Tuesday, September 9, 2008

Maladolescenza (Pier Giuseppe Murgia, 1977)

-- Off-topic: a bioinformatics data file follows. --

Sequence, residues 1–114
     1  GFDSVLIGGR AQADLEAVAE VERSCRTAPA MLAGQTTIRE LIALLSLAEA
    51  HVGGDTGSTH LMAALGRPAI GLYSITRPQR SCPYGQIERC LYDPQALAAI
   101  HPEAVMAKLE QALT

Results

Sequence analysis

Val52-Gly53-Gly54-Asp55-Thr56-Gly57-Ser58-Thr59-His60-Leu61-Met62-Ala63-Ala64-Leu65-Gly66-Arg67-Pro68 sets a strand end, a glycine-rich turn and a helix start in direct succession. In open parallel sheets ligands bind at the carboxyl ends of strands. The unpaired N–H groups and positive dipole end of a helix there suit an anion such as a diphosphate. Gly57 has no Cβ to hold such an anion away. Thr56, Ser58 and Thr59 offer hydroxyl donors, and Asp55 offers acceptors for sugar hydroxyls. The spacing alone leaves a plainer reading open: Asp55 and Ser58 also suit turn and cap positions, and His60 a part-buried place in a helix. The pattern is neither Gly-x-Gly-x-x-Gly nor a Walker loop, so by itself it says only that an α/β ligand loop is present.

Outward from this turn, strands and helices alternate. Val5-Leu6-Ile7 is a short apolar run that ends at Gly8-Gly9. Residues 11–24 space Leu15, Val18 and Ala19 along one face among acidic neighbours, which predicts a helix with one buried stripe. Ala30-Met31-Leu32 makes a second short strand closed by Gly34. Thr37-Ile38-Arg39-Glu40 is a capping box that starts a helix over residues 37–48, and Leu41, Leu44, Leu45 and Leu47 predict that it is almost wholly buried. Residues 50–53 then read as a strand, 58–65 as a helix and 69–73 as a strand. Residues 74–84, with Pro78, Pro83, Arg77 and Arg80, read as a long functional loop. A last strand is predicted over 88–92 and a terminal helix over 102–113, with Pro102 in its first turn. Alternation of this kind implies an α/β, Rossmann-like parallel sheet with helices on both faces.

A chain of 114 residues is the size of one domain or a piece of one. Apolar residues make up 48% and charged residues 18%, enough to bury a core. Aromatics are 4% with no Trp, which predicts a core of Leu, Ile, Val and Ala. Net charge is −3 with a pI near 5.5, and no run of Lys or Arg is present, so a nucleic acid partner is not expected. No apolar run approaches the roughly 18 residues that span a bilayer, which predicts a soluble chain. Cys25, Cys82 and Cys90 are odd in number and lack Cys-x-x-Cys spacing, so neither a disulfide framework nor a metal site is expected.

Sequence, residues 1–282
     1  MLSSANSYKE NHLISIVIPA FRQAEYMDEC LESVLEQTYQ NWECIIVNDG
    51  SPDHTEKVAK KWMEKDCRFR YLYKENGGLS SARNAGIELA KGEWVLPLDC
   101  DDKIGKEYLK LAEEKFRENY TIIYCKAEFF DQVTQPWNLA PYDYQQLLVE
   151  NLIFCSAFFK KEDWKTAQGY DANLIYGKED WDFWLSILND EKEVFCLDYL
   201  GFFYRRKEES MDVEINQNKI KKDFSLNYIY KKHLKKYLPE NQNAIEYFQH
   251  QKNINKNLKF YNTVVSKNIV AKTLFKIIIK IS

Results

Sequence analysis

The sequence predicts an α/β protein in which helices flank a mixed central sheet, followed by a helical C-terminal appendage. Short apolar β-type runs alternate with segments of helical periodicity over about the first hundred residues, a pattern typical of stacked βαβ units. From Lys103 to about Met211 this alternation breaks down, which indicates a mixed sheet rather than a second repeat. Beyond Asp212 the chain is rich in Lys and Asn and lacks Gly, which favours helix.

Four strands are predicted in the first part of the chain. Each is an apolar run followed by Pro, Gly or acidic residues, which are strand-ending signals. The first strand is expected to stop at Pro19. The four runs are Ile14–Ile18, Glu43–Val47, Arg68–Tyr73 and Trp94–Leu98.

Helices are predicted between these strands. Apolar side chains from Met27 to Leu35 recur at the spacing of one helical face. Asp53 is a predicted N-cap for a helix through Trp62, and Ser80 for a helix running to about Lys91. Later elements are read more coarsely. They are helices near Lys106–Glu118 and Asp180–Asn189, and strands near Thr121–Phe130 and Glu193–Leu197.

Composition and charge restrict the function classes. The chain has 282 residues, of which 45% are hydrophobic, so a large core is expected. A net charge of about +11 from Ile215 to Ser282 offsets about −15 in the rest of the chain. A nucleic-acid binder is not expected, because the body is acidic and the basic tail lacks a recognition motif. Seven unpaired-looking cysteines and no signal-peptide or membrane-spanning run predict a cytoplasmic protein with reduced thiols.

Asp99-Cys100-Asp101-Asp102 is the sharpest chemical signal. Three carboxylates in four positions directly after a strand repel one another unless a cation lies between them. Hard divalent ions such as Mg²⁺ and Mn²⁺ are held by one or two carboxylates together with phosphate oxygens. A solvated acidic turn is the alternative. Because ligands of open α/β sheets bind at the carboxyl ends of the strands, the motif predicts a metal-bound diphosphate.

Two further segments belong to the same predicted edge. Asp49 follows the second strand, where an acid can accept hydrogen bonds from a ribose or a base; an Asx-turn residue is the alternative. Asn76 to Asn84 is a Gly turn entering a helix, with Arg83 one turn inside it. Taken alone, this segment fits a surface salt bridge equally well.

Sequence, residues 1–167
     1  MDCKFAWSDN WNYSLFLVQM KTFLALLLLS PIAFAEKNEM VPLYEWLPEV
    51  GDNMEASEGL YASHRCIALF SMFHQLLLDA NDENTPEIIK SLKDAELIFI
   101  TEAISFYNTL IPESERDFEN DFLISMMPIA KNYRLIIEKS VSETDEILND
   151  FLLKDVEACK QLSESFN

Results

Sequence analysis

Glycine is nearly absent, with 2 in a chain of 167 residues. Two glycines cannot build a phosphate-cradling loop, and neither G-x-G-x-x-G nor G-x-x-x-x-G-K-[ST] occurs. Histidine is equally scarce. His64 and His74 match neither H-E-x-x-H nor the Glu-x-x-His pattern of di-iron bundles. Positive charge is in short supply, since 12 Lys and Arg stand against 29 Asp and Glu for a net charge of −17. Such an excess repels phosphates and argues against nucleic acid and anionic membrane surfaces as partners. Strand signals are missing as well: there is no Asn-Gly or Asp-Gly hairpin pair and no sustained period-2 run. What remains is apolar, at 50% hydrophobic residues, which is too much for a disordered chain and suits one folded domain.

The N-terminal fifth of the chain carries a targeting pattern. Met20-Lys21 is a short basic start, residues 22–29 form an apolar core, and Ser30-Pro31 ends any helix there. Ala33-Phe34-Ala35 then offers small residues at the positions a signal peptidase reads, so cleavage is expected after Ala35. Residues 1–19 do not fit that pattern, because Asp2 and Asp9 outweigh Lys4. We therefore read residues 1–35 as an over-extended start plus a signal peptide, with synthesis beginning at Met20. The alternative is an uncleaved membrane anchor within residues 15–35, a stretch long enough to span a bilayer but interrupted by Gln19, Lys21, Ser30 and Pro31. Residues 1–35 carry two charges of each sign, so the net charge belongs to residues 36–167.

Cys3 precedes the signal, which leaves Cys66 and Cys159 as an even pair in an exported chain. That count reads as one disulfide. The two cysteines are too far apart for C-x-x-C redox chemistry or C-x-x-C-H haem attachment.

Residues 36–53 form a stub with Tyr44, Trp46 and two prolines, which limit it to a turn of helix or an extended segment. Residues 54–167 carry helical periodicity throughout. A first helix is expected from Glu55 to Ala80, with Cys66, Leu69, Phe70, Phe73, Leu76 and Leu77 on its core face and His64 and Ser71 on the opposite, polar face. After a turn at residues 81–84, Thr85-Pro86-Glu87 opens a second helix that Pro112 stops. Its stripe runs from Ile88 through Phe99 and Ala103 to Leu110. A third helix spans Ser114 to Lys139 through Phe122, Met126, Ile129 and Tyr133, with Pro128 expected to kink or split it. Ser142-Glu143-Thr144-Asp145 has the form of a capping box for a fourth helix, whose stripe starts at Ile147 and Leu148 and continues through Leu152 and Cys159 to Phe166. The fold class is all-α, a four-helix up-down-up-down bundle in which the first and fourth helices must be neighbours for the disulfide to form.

When Europeans make films about summer holidays, they often view the time and place as unknown zones. Away from home, people are sometimes on some kind of unknown time: the first or last happy time, the beginning of maturity, explorations of love, rites of passage. This film is like that. There are only three characters, Laura (Lara Wendel), Fabrizio (Martin Loeb), and Silvia (Eva Ionesco), and the story takes place in the forest near the young people’s summer homes. Laura and Fabrizio explore the forest and discover high in the wooded hills a ruined “magic” town. Laura is eager to see him after a year apart, and she notes he has changed: he’s sullen and withdrawn and increasingly given to teasing and tormenting her. The sexual tension between them is complicated by Laura’s desperate wish to please him and his pleasure in denying her any sort of satisfaction, even conversation or a modest kiss. They find a cave underneath the castle, and lost down there Fabrizio undresses her and they make love. Just that once. And then he’s back to his mean ways of frightening her or tantalizing her. This gets still worse when he discovers Sylvia, in some ways Laura’s opposite, confident, blonde, mean, and fearless. She and Fabrizio torment Laura some more, in increasingly cruel ways, threatening to banish her, frightening her, shooting arrows at her, pretending to throw her from a cliff, making her serve them, and forcing her to watch them have sex. Fabrizio seems to get steadily worse, obsessed with living in the forest, imploring Sylvia to stay with him. As the summer is about to end and she’s set to leave, he takes them into the cave again and tells Sylvia they’re lost—and she panics, weeping and saying she’ll go crazy and screaming. She can’t hear Fabrizio pleading to let their idyll continue. Laura, who feels confused by Sylvia’s vulnerability and by her own diffidence (because she knows the way out), comforts the other girl. And Fabrizio kills her, just as he’s killed helpless birds already. What starts as an idyllic season succumbs to a corrosive pattern of conflating sex and power, so experimental cruelty is inevitable, and then the pastoral turns gothic. Sort of. The movie looks wonderful, with gorgeous photography of woods and meadows and ruins, and the three young actors are very nice to look at. Wendel is soft-looking, anxious, expectant, longing—she’s the best actor among them. Loeb is not a petulant adolescent, but he seems dissatisfied with things any boy his age would celebrate forever. Ionesco is an odd mixture of radiance and plainness, her golden hair all cloudlike and her skin fine, but her face is also rather ordinary looking from certain angles, and there’s something almost unformed and childlike about it, though her ease before the camera makes it difficult to spot (she was the favourite model for her mother, a famous photographer). Wendel appears more attractive because she’s more delicate, more hesitant, and more sympathetic. Finally, it would be nice to see a film about young people discovering sex and love and joy without this sour undercurrent of punishment.

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